There’s never a good time for anyone to lose their job. But when such an event happens under such heavy scrutiny as an NFL head coach losing his job, that makes it even harder, especially for the players that head coach leaves behind. 

Such were the sentiments expressed by members of the Giants, who on Monday, in between packing up their personal belongings for the long, cold off-season ahead, shared their thoughts about team ownership’s decision to relieve head coach Pat Shurmur of his duties.

The overall consensus of those who spoke was that Shurmur as not alone in the team’s failure to improve on their 5-11 season from 2018.

“It’s a tough day,” said receiver Sterling Shepard. “What we all do affects a lot of people. We all look back and wish we could have been better in different areas. That’s the sucky part about this business.

“You build a relationship with people over the two years we had (Shurmur). He’s a great person, a great guy, and it’s just unfortunate that everything didn’t work out here.”

“It’s disappointing,” said left tackle Nate Solder. “I know when he was hired here, and I know when I came here, there were such high expectations and such high hopes. 

“This business is brutal. I think there were a lot of good things that came out of the last couple of years. But that doesn’t matter if you’re not getting the wins. The margin of error is so small, so thin, between winning and losing in this league. You have to find a way to come out on top.”

“I was surprised by it. We’re all upset,” added running back Saquon Barkley, who passionately lobbied for Shurmur in the season’s final weeks. 

“I’ve been preaching all season whenever anyone asked me about what I think about if our coaching staff are the right people, I always kept saying it’s easy to point the finger at one person. You don’t want to see anybody go out like that.”

Of particular interest were the reactions of quarterbacks Eli Manning, whom Shurmur benched after an 0-2 start this season, and Daniel Jones, the quarterback Shurmur chose as the franchise’s future.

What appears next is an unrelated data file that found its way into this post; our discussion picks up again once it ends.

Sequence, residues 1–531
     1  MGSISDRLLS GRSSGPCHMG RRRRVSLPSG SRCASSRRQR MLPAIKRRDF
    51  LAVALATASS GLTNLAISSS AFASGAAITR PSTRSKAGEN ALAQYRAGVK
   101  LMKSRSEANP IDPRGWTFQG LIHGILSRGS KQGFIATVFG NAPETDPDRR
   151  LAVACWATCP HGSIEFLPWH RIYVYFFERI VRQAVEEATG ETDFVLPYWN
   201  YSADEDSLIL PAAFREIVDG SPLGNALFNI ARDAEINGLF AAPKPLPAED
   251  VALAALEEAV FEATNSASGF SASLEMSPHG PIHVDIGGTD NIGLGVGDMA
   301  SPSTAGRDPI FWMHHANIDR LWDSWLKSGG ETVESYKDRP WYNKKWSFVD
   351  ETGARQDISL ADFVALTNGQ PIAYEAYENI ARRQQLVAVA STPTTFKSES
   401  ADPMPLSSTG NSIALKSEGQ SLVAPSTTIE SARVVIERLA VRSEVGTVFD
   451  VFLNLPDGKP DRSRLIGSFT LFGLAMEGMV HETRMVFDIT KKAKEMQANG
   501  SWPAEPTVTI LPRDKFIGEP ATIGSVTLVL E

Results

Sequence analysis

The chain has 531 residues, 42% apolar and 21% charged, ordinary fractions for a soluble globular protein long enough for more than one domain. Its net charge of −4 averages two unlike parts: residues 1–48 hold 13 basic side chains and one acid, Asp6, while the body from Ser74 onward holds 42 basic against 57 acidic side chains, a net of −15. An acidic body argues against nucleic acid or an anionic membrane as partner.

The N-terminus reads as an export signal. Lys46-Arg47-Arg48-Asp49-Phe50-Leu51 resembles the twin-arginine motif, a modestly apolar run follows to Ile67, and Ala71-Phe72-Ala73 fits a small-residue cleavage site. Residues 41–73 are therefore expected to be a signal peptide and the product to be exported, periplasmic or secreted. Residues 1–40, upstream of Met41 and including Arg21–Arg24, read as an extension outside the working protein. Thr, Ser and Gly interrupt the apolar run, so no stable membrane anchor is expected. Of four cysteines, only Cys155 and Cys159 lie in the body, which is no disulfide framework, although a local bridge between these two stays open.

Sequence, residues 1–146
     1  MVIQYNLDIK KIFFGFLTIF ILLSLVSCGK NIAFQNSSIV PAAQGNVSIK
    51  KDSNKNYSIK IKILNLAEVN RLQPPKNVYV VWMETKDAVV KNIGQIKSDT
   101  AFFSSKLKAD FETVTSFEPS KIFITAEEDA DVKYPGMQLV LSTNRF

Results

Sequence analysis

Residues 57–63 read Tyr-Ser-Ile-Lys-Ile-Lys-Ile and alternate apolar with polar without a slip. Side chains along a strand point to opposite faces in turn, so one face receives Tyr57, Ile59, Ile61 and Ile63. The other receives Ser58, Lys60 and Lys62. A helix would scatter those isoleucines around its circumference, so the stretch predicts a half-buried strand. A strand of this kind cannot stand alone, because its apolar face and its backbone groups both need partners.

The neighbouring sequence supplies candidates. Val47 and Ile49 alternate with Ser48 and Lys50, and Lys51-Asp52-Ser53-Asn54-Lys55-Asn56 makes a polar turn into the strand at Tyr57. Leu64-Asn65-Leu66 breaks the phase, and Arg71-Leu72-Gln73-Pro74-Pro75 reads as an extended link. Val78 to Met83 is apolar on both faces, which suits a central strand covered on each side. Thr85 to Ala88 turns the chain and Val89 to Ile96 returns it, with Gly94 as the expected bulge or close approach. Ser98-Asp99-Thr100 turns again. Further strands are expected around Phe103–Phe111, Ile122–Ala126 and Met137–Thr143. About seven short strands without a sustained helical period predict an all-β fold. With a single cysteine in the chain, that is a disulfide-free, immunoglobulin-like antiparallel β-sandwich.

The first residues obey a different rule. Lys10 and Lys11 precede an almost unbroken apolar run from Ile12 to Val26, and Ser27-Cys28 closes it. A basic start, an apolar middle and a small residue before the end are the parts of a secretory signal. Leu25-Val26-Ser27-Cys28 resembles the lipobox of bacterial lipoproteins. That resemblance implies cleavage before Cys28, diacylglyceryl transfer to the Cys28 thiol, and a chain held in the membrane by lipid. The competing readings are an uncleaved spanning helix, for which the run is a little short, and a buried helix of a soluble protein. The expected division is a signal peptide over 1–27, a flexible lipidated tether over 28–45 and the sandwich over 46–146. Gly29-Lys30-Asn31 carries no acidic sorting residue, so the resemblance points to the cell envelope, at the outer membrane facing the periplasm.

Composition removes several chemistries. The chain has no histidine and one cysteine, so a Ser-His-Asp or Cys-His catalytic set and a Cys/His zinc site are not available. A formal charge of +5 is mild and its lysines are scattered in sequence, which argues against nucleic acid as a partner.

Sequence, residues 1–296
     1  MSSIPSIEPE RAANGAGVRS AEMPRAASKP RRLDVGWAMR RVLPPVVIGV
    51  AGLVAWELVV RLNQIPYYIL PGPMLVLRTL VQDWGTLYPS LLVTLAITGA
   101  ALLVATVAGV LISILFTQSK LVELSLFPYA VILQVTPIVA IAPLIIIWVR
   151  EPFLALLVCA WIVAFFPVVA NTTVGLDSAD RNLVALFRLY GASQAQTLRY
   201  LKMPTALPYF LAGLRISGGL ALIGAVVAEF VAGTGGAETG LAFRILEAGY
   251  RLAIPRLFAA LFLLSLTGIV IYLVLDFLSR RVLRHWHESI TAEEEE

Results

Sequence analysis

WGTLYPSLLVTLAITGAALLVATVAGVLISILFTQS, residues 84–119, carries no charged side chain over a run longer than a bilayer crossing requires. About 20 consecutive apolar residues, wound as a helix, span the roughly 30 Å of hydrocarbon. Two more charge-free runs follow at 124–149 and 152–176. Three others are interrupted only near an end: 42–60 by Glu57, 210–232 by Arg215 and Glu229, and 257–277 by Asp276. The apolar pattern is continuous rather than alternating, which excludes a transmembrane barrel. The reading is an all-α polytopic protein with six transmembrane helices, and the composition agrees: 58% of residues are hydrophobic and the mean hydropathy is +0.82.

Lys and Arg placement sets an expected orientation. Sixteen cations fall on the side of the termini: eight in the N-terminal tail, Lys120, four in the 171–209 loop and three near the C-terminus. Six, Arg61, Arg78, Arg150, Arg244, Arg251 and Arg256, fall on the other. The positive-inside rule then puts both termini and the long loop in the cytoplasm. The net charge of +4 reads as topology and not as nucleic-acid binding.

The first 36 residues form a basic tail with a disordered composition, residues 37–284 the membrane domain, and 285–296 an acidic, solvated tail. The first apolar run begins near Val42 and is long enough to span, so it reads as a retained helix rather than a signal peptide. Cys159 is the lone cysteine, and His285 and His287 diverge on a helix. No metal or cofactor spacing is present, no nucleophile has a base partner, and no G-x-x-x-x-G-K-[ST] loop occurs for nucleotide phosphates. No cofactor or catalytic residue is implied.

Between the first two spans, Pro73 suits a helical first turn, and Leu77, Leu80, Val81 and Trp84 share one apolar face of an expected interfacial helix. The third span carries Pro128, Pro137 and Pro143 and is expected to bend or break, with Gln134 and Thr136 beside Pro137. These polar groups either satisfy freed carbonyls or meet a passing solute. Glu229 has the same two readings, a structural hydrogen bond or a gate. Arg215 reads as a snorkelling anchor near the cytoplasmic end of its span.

Manning, as he’s always done throughout his career, had nothing but good things to say about having worked with Shurmur, saying that they had a great relationship.

“I think he is a great coach, I think he is a wonderful man and (I’m) just disappointed,” Manning said. “I think you always feel responsible when a coach gets fired. It’s obviously because, as players, we didn’t do our part. We didn’t win enough games. I feel for him and all the coaches. They worked hard and did a lot of hard work and a lot of good things.”

Jones, the draft pick who created a stir of epic proportions when he was announced as the surprising sixth overall pick in the 2019 draft, seemed to take it hardest.

“I’m grateful to him for the opportunity. I think he’s an excellent football coach. The players are very, very largely responsible for how this season has gone. I certainly feel responsible, and I think that’s the tough part.”

The Giants have reportedly wasted no time in launching their search for their next head coach. Unlike in the past, team president John Mara said they would not rely on any outside counsel, such as former general manager Ernie Accorsi. Still, at the same time, he did promise an extensive search, which he said will also include the college ranks.

“I’m looking for leadership—that’s the big thing going forward,” Mara said. “Somebody who can come in and take control of this roster, help build a culture that is going to lead to winning. Somebody who is going to help us with our football re-organization during the process we’re undergoing right now. We’re looking for all those qualities from the next candidate.”

In the interim, the Giants are retaining Shurmur’s assistant staff. However, if any wish to pursue employment elsewhere, they will likely be permitted to do so while those who don’t will have a chance to interview with the next head coach.  

As for whoever that candidate ends up being, Solder summed up what the players know what they have to do when they return to work in early April.  

“It’s up to us to take a deep look at what we need to do better, those of us that will be here. We need to be a lot better.”